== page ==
Tourism for Senior Citizens in 2010
More and more elderly people are ending their working lives earlier and earlier, living longer and longer, what is more in good health, and enjoying free time and comfortable incomes : these are the "senior citizens" (50 years old and over), suddenly established as a privileged target of the marketing sector which, based on the growth in their numbers alone, highly prizes the prodigious market which this age category will represent in the future.
However, let us be careful about too rapid simplification, Marie-Christine Kovacshazy warns us, for senior citizens do not make up one homogeneous category, if only because among them three generations can be found whose values and behaviour differ and who, for example, in terms of tourist requirements, express different needs.
As to the future, before extrapolating from demographic projections alone, we should still take into account discontinuity factors, coming on the one hand from the evolution of the socio-economic environment, and on the other hand in the change in aspirations and attitudes resulting from a renewal of the generations.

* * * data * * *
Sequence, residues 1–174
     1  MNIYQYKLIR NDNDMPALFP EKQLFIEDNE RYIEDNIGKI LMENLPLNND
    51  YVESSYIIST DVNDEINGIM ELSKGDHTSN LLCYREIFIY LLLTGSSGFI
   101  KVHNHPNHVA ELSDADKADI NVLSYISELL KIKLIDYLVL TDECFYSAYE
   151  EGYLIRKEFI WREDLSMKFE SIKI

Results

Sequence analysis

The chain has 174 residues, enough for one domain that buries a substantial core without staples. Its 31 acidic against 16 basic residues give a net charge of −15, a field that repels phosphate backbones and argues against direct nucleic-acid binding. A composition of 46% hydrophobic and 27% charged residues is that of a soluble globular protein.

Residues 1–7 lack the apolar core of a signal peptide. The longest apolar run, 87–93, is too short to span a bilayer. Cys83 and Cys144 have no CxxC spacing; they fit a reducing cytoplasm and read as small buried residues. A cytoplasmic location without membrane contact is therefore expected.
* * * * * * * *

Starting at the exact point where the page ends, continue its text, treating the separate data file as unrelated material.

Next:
C. Kovacshazy offers us a few powerful thoughts here on these discontinuity factors which can act as a curbing or driving force vis-à-vis the tourism market for senior citizens and which she considers much more risky - for example, because of the uncertainty which hangs over the future of their income - which advocates of "senior marketing" prefer not to think about.
By showing here, in this specialist area of tourism, the extent of the uncertainties which remain regarding the future of the way of life of senior citizens (and the heterogeneity of this population), she offers a first glimpse into ageing and its economic and social consequences which will soon form the subject of a special issue of Futuribles.